2021 Is Here—Are You Ready?
The new year has begun and with it an assortment of resolutions to make ourselves better in one way or another. January is generally the month in which everyone shares those resolutions, and as a flight safety academy, we see numerous pilots interested in additional professional development events and training focused on countering loss of control-inflight (LOC-I). All great news!
More interesting than the people that make the resolutions are the ones who feel they are already prepared for anything the new year might throw at them. 2020 was certainly an unprecedented year, and actually planning for it would have been unimaginable. How could anyone conceive of the “pandemic budget” or the “working from home, next to my children plan”? It sounds ridiculous even saying them out loud, but that is what everyone managed last year.
The Power of Preparedness
This concept of preparedness has been on my mind since the middle of last year, as I met an assistant chief pilot who seemed prepared in every way. I will call him, Joe. Joe is in his 40s, clearly intelligent, an active runner and cyclist and succeeding across the board within his chosen industry. Joe embarked upon our three-day flight training program to focus on countering upsets, and he seemed incredibly—for lack of a better word—prepared. He knew his procedures and completed thorough research on managing LOC-I.
With that being said, on Day 2, he presented me with this:
Joe said that his normal average heart rate is 60 beats per minute (bpm) and he was happy because it was down from an average 147 bpm during his preceding flight on the previous day. I was shocked. How could this very prepared, healthy, confident athlete and successful pilot be so stressed out during these flights? Then I recognized the issue—startle.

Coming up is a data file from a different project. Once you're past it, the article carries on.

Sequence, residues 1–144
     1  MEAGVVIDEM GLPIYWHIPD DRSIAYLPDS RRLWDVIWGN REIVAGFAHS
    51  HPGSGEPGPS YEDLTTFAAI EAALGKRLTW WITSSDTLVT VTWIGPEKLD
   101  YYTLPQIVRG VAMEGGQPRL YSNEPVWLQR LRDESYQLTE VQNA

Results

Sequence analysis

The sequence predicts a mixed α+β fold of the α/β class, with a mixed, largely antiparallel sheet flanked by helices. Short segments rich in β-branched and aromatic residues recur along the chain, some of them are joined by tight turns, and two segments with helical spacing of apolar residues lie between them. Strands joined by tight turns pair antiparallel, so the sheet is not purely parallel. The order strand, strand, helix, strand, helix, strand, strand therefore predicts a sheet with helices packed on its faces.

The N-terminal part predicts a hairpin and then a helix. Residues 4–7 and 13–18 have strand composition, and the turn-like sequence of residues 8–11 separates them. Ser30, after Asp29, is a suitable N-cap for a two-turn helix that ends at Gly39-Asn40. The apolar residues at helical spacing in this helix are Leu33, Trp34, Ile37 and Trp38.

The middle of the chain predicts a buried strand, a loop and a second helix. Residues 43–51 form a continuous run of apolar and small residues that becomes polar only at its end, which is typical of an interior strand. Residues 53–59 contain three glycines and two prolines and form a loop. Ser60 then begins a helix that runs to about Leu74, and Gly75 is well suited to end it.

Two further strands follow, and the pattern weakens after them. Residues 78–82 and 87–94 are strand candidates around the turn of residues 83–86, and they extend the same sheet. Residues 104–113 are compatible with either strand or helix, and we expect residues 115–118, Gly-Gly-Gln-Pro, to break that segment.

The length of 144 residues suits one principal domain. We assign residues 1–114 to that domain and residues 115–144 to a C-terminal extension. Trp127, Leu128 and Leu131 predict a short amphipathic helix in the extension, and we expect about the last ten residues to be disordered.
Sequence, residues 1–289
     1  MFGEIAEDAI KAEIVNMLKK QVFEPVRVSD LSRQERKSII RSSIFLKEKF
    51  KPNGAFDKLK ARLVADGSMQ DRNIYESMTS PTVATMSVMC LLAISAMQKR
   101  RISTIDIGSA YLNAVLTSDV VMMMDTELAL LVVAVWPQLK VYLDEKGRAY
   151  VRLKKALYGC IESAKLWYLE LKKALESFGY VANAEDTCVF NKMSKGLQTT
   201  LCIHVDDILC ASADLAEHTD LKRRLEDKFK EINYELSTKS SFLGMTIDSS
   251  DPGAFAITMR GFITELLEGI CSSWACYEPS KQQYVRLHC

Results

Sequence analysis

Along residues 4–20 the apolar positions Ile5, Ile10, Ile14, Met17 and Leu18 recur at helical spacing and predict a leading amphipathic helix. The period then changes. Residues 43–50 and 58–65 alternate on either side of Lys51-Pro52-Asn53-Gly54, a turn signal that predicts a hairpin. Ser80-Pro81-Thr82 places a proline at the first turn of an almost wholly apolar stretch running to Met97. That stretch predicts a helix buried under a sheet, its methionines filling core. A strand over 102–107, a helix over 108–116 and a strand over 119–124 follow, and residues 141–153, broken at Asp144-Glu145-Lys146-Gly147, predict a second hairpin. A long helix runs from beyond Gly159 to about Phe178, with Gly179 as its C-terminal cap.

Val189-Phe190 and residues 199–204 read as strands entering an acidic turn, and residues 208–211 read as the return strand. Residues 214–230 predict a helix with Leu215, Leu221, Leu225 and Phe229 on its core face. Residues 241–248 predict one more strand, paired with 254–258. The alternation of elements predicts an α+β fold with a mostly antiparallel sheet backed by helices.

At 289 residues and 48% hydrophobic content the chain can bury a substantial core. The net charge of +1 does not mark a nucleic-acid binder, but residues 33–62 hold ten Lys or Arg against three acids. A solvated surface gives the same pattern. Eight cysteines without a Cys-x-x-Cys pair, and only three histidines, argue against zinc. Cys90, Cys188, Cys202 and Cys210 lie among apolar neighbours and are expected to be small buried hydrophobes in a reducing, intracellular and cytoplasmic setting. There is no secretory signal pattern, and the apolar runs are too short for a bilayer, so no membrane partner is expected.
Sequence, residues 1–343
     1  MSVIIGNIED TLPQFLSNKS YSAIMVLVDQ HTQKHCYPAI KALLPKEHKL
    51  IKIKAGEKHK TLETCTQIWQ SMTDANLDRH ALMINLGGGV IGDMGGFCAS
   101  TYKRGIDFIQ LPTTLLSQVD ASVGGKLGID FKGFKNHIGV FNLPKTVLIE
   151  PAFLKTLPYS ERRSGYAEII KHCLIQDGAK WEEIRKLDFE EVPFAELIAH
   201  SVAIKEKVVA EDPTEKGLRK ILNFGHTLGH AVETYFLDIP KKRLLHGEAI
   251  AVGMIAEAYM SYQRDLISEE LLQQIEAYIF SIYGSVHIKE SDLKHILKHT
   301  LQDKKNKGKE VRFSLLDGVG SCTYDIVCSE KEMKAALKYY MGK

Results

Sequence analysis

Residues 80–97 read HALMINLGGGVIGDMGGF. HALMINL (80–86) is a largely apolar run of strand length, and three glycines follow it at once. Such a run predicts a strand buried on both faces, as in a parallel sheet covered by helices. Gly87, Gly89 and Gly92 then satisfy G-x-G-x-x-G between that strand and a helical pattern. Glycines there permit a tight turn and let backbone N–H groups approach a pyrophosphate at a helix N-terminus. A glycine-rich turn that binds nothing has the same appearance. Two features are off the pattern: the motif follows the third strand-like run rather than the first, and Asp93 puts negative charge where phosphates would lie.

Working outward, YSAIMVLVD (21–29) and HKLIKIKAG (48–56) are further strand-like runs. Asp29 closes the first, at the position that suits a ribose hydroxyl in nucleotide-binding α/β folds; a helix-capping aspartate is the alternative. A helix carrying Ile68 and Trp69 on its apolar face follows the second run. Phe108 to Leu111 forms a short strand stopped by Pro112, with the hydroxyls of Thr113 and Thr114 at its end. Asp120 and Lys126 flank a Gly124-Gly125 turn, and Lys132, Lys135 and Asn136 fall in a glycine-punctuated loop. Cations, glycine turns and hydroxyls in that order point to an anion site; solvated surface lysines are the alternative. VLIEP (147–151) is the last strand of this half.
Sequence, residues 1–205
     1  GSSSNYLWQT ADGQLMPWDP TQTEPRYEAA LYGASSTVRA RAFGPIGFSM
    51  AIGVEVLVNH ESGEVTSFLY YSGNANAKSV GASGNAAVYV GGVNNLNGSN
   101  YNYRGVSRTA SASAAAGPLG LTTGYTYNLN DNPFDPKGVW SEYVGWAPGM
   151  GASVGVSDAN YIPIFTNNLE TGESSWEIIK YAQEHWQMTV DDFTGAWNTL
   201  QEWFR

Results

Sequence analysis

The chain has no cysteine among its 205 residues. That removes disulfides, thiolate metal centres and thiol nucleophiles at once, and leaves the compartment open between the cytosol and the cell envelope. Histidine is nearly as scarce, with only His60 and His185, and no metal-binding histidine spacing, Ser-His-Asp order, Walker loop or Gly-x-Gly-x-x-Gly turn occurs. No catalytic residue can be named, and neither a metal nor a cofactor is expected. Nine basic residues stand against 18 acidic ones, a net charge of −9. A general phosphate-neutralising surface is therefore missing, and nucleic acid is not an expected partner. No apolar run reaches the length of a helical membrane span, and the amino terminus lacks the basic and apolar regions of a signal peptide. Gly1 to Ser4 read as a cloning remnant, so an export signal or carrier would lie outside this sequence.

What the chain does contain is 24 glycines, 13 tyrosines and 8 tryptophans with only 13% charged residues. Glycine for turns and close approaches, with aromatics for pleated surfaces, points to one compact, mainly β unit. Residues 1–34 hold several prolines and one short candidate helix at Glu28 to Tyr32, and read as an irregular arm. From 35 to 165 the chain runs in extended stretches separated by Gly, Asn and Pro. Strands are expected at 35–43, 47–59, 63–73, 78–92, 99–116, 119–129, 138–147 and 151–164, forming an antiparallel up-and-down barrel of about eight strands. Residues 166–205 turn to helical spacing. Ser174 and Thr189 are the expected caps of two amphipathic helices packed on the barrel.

As described in FAA guidance on the subject, startle is the body’s physiological response to a surprise or unanticipated event. It manifests itself differently in every person, and even though Joe knew the training was coming, he was not prepared for how it would feel to be so far outside of his comfort zone. The transition from a Gulfstream to wearing a parachute in a single engine Extra is more than most pilots anticipate. In this case, Joe remained in an elevated state for the duration of his flight, from one maneuver to another. The training kept putting him into startle and he had to learn to manage it.
Here is an example of what Joe experienced during one of the turbulence recovery scenarios.
The good news is that Joe had a downward trend in his heart rate. He started at 147 bpm for the hour-long flight, then 101 bpm for the next flight and finally, on day three, he was down to a 70 bpm on average for the full hour. Although this is still 10 bpm above his normal heart rate, it was clear that he learned how to manage his own startle response throughout the duration of his training as he continued to recover from upset scenarios and spins.
Important Questions for Every Pilot
In the end, what does it truly mean to be prepared and how can everyone individually attest to their preparedness following such a unique year? Merriam-Webster defines preparedness as “the quality or state of being prepared.” Last year left every one of us—pilot or otherwise—less prepared than we anticipated. As we kick off 2021, ask yourself about your state of preparedness. If it is not where you want it to be, continue to seek new opportunities to challenge yourself, get outside your comfort zone and allow that preparedness to counter your startle response.
Prevailance Aerospace is a UPRT provider that has been working with corporate, government, and general aviation pilots to improve safety in the aviation industry. Prevailance Aerospace uses Extra 300 Series Aircraft for training and our pilots are experienced aviation professionals from various military and general aviation backgrounds. We know that successful aviation endeavors are accomplished through an uncompromising commitment to safety, impeccable professionalism, tremendous attention to detail, and constant improvement.
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